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Spectrum: Autism Research News

Some researchers suspect that clues to autism’s origins lurk in the mitochondrial genome, a ring of 37 genes that control our cells’ ability to create energy. However tantalizing that idea may be, though, it’s difficult to prove, in part because many strategies for sequencing and editing the nuclear genome don’t work on mitochondrial DNA (mtDNA).

A suite of new tools that can find and edit disruptive mtDNA mutations may fill that gap, however, making the mitochondrial genome more accessible for autism researchers.

One such tool, called STAMP (Sequencing by Targeted Amplification of Multiplex Probes), debuted in 2020 and can identify mutations that arise in only some copies of a cell’s mtDNA, a situation known as heteroplasmy. At least one heteroplasmic mutation has been identified in people with autism, and the mutations contribute to the condition in about 3 percent of autistic people, according to a forthcoming analysis that uses STAMP.

“It’s really exciting to see the recent expansion of the mtDNA toolbox,” says Nicole Lake, a postdoctoral researcher in Monkol Lek’s lab at Yale University who is developing a method to identify mtDNA mutations in whole-genome sequences.

Over the past decade, the Genome Aggregation Database (gnomAD) has amassed whole-genome sequences from tens of thousands of people. Because it excludes children with autism or other pediatric neurological conditions, it can serve as a reference to help researchers identify variants linked with such conditions.

Until 2020, gnomAD didn’t include data on mtDNA variants. But once it did, Lake and her team developed a method to use existing, smaller mtDNA databases in combination with gnomAD to locate mitochondrial mutations that might be linked to disease.

In an analysis of 56,434 whole genomes from gnomAD, 231 carried an mtDNA variant known to be pathogenic — roughly 1 in every 250 people, or about half a percent. The team also identified 997 variants not previously identified in existing mitochondrial databases. The findings were published in Genome Research in January.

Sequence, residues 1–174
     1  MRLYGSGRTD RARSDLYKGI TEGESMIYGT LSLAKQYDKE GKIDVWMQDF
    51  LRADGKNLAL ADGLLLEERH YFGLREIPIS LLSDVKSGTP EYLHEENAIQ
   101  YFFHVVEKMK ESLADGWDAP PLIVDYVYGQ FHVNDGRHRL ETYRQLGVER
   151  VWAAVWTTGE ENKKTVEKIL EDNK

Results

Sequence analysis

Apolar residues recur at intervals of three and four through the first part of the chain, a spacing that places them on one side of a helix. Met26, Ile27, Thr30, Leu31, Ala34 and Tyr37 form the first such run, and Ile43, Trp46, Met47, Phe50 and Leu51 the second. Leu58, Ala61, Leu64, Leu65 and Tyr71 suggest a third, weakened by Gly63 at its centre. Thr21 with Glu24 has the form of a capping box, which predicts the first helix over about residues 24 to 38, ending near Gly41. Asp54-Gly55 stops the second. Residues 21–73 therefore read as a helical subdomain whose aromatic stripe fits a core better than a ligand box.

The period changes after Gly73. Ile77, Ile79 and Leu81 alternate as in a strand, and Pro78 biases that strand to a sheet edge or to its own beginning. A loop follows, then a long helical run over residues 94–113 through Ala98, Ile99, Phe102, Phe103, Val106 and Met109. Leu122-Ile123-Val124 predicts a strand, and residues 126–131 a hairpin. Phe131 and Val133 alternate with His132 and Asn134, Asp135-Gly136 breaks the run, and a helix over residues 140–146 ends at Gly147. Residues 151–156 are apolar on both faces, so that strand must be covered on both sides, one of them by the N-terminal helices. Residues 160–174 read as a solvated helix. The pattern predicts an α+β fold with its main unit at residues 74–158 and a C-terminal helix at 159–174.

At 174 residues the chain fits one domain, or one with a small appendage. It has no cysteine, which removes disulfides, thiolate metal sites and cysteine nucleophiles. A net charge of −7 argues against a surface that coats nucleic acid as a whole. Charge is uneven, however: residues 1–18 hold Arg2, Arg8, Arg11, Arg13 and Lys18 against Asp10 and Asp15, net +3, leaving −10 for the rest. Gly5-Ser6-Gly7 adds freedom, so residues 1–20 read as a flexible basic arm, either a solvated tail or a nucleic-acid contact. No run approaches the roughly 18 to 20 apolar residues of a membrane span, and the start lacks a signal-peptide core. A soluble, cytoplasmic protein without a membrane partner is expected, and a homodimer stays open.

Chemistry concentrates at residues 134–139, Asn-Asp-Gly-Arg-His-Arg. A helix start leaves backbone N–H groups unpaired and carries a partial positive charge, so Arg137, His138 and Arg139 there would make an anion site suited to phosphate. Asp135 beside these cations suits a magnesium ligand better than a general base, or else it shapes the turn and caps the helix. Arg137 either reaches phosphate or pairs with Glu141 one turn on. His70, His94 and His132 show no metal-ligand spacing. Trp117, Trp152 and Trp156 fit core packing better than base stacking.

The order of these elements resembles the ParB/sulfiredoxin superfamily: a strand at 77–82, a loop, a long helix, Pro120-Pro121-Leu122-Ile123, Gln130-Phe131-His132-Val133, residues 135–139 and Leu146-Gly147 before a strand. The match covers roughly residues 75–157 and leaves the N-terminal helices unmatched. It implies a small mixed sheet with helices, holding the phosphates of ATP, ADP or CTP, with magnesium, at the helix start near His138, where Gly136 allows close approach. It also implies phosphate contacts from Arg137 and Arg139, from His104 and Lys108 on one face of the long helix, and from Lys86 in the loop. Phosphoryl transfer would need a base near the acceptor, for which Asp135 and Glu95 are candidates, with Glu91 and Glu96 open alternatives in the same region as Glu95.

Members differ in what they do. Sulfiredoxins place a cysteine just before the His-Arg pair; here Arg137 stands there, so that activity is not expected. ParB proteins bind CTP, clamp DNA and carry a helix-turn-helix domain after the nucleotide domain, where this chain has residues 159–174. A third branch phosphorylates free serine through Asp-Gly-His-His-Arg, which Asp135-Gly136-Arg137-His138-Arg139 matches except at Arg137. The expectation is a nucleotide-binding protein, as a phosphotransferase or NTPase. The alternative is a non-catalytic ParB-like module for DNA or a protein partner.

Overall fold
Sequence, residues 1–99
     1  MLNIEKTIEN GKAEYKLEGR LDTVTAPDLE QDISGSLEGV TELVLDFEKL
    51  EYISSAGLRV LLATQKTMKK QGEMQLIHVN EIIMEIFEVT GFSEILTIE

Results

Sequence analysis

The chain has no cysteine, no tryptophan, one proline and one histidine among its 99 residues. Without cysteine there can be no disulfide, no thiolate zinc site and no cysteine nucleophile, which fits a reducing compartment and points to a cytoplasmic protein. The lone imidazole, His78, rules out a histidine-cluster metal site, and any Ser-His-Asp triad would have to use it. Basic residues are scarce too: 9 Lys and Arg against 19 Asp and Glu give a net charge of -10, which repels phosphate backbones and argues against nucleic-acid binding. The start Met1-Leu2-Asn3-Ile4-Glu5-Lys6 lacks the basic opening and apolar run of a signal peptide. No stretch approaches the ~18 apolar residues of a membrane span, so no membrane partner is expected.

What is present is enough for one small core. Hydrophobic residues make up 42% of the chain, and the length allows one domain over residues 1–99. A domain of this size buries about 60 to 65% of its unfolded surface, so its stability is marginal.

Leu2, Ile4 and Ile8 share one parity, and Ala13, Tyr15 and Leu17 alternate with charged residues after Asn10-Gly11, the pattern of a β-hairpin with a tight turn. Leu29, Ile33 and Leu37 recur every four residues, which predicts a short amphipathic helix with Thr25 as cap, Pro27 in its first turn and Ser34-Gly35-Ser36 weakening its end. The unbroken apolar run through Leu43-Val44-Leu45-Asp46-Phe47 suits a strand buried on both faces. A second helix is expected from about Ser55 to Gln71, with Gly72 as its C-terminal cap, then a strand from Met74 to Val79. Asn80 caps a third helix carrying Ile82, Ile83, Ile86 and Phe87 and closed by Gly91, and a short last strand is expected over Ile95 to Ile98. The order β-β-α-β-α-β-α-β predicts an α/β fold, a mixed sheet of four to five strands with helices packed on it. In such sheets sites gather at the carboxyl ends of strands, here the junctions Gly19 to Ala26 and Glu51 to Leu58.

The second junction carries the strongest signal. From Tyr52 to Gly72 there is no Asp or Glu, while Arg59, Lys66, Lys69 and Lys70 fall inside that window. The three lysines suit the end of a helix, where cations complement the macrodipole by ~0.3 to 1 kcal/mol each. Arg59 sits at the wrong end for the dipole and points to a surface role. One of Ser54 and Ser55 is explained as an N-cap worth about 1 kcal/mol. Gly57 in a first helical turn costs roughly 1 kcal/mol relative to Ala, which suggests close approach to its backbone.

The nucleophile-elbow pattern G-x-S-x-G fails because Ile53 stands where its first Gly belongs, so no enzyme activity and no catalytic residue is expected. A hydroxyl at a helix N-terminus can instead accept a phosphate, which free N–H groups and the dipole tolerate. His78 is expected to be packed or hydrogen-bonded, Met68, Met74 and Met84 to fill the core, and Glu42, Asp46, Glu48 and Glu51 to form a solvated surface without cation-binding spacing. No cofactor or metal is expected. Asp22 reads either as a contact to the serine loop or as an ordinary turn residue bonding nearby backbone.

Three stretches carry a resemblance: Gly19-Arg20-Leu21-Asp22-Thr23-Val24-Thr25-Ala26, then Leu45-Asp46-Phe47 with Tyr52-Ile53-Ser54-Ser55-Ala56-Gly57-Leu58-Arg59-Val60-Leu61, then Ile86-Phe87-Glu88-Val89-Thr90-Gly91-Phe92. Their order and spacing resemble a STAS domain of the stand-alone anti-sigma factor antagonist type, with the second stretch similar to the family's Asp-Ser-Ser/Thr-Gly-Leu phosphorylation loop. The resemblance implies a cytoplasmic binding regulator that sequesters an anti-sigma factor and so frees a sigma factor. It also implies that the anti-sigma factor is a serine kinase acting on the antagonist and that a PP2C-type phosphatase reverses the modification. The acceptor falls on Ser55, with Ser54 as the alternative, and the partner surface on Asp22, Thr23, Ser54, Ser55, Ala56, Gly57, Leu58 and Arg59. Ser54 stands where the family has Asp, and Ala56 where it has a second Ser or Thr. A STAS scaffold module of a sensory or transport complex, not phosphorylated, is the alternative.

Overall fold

Lake and her colleagues are developing a model to home in on areas of the mitochondrial genome that are most likely to harbor disruptive variants. Scientists use similar models to find autism-linked genes in the nuclear genome, Lake says. “We hope this will also be a useful tool for autism research, to help elucidate the contribution of mtDNA.”

Identifying mtDNA variants potentially linked to autism is just the first step. To test the effects of mutations in nuclear DNA in cells or animals, researchers often turn to the gene-editing tool CRISPR. But CRISPR relies on stretches of single-stranded genetic material to deliver the tool to a precise spot in the genome — a method that currently doesn’t work in mitochondria.

In 2020, researchers identified an enzyme that can act as a DNA base editor without CRISPR, but only on sequences with certain base pairs. Newer versions of the enzyme can act on a greater variety of sequences and have improved editing efficiency in both mitochondrial and nuclear DNA, according to a paper published in Nature Biotechnology in April.

The updated editors enabled the researchers to introduce two mtDNA mutations previously linked to different conditions — benign kidney tumors and a degenerative eye disease — into human cells in a dish. Cells with either mutation showed reduced mitochondrial activity; introducing the mutations using the earlier version of the tool had no such effect, suggesting that those edits were unsuccessful.

The tool “will enable researchers to study the cellular effects of specific mtDNA variants, including those identified in individuals with autism,” Lake says.

Yet another new technique could power experiments involving mitochondrial replacement. Developed to prevent the transmission of potentially lethal mtDNA mutations from mother to child, the approach could have broad research implications, says Elizabeth Ann Jonas, professor of internal medicine and neuroscience at Yale University, who was not involved in the work but studies mitochondria in mouse models of fragile X syndrome.

Mitochondrial replacement makes it possible to swap an embryo’s mtDNA — inherited entirely from the mother — with that of a donor. But if even a few copies of the embryo’s mutated mtDNA evade replacement, they can replicate, reducing the technique’s overall effectiveness.

To address such ‘genetic drift,’ researchers took advantage of a cellular process called mitophagy, which recognizes and clears mutated mtDNA from cells while leaving healthy copies alone. They harness “forced mitophagy,” as they call it, to identify mtDNA carrying unwanted mutations and degrade those copies.

In human embryos treated with forced mitophagy, less than 1 percent of mtDNA copies retained mutations, compared with about 4 percent of those in controls, according to findings published in Nature Biomedical Engineering in April.

Mitochondrial replacement is not yet approved for use in people in the United States, but forced mitophagy could provide another strategy to edit mitochondria in cells or animals and study variants’ effects, Jonas says. It’s “very interesting” for autism researchers, she says. “It basically means that you can remove the mitochondria of choice from your cell and insert other mitochondria.”

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